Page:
By Lincoln Anderson
As the field of candidates to succeed Sheldon Silver as Assembly speaker shrank, Assemblywoman Deborah Glick (D-Greenwich Village) made her feelings known on Twitter Friday.
Hours later, ratcheting up the race’s intensity and the sense that it could soon be over, news came that Silver had officially resigned as speaker — three days earlier than originally expected.
Around 11 a.m. Friday, Glick tweeted, “Morelle out of speaker race — Nolan still in — am I having a flashback to an earlier presidential primary? 1 thing clear — won’t be a white guy.”
Glick was referring to Joseph Morelle of Rochester dropping out of the running Friday, leaving just Cathy Nolan of Queens and Carl Heastie of the Bronx remaining.
As for the “flashback,” she was apparently referring to the 2008 Democratic presidential primary, when she supported Hillary Clinton over Barack Obama. Glick told The Villager back then that she was excited to back Clinton, a highly qualified woman, since she felt that for too much of her life she had “voted for mediocre men” for elected office.
Like Clinton, Nolan is a woman, and like Obama, Heastie is African-American. And just as with Obama and Clinton and the presidency at that time, a woman or a black man leading the Assembly would be a historic first.
And, as Obama did in ’08, it looks like Heastie is on track to win the election.
Two other possible candidates for speaker also recently dropped out: Joseph Lentol of Greenpoint Thursday, and Keith Wright of Harlem Wednesday.
Word has it that Wright withdrew after Heastie assured him he would support Wright when he runs for Congress — apparently for Charles Rangel’s seat.
In addition, Assembly member Glick, who represents the Lower West Side, thinks that it’s important to have a strongly pro-choice speaker, as seen in her tweet at 12:21 p.m. Friday: “It would be good for the next speaker to come from the bipartisan pro-choice caucus.”
As Glick explained to The Villager, a lot of members of the Assembly — including Nolan — are on the Pro-Choice Caucus, yet Heastie is not among them.
“Which is not to say that Heastie hasn’t taken pro-choice votes,” Glick added.
“We hope that there will be a discussion of codifying Roe v. Wade,” she explained. “New York eliminated its prohibition on abortion in 1970. Roe v. Wade was passed in 1973. Certain federal protections are not written into New York law, so if a conservative Supreme Court struck down Roe v. Wade, there would be gaps in New York’s law — which we would try to avoid. If Roe v. Wade were struck down, it means all that we’d have to cover New York would be the state law from 1970.”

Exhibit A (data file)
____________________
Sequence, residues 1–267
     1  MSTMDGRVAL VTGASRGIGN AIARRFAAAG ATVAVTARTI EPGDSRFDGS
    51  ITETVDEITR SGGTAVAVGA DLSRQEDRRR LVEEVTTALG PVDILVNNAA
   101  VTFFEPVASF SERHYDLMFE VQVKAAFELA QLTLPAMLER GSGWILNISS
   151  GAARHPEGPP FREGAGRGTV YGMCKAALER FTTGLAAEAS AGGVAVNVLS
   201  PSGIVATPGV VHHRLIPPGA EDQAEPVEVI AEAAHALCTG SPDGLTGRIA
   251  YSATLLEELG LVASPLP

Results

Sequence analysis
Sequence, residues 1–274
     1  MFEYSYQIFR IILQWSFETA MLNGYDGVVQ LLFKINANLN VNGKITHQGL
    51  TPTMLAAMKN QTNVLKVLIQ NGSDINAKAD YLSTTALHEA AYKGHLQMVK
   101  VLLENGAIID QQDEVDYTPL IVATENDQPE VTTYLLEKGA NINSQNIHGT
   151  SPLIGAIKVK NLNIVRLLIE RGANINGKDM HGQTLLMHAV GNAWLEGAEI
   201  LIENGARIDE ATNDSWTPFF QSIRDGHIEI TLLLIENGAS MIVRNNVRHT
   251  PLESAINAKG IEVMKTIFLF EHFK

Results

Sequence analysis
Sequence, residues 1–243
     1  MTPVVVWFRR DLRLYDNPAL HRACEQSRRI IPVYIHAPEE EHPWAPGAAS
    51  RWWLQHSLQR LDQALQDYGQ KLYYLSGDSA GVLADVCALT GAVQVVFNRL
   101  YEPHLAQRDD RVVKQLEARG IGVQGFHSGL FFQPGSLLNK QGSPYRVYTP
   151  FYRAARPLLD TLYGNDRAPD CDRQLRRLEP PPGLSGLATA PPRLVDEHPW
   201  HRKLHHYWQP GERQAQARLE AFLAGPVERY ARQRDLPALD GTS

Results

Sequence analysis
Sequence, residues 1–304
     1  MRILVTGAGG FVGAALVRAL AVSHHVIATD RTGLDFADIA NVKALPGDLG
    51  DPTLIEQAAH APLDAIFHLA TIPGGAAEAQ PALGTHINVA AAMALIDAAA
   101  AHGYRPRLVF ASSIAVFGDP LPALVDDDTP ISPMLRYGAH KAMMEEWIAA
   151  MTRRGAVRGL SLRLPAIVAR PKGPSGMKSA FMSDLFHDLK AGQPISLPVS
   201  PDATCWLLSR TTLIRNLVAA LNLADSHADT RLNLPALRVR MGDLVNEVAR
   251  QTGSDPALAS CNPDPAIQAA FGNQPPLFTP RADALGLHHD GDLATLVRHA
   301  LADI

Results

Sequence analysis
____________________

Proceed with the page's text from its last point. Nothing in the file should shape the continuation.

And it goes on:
Of course, the U.S. Supreme Court has become more conservative.
“George Bush put on a bunch of conservatives and we wound up with Citizens United and corporations being considered as a person,” she said.
While admitting that Nolan is “totally a long shot,” Glick stressed, “there are still two candidates.”
In short, Nolan still hypothetically has a chance.
What has Glick ticked off, though, is the fact that Heastie’s support is being built the old-school way, when what had been promised was that the candidates would make presentations before the full Assembly before the vote.
“The old-fashioned way is people are on the phone — and county party chairs, etc., weigh in,” she said. And all of this, according to Glick, is exactly what has been going on, as opposed to the promised openness.
Although the date has been given as Feb. 10 by which the Assembly would elect a new speaker, Glick indicated that the choice, in fact, could happen well before then.
“Oh, absolutely,” she said.
The plan had been that Morelle would take over as interim speaker from Monday through Feb. 10.
The Assembly was scheduled to bo back into session at 2 p.m. Monday, at which time a new speaker could be chosen, Glick said. The selection could also happen Tuesday.
Despite what can be gleaned from her tweets, Glick said she is not supporting any candidate.
“I haven’t committed to anybody yet,” she said. “But obviously I had hoped that we would have a different process. It remains to be seen where I am Monday.”
That said, she did make her preference known to The Villager.
“Carl is a decent guy,” she said. “I just think that Cathy has a much longer record of dealing with significant issues. She’s chairperson of the Education Committee. Education is always a very large part of the budget discussions, and so she has been involved in that for several years.”
Also, Nolan has served twice as long in the Assembly, 30 years to Heastie’s15.
As for Silver, Glick said she spoke to him the night that the Assembly members concluded that there was no option but for him to step down.
She had initially expressed support for Silver after the news of charges against him and his arrest broke last Thursday. Silver, she had emphasized then, seemingly reflexively, was “innocent until proven guilty.”
Longtime members took Silver’s downfall harder, she admitted.
“The longer you’d been there, the longer you knew him — and you felt sad,” she said. “People that hadn’t been there as long were like, ‘Well, that’s bad… .’ ”
Silver will keep his Lower East Side / Lower Manhattan Assembly seat, but would have to relinquish it if convicted of a felony. Facing five federal charges of corruption, extortion and fraud, he is accused of using his powerful influence to illegally obtain $4 million in two separate schemes.
“His intention is to fight because he feels that he’s innocent,” Glick said. “The charges are serious, for sure, and distressing. I’m sure there will be an indictment at some point – but he hasn’t been indicted yet.”